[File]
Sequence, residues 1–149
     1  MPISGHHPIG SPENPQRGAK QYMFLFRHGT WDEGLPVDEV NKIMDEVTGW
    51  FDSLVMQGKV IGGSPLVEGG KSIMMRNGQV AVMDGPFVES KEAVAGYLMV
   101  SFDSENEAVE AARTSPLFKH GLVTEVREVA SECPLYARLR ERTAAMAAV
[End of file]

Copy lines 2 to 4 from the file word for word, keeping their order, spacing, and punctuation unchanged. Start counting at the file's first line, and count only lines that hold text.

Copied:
     1  MPISGHHPIG SPENPQRGAK QYMFLFRHGT WDEGLPVDEV NKIMDEVTGW
    51  FDSLVMQGKV IGGSPLVEGG KSIMMRNGQV AVMDGPFVES KEAVAGYLMV
   101  SFDSENEAVE AARTSPLFKH GLVTEVREVA SECPLYARLR ERTAAMAAV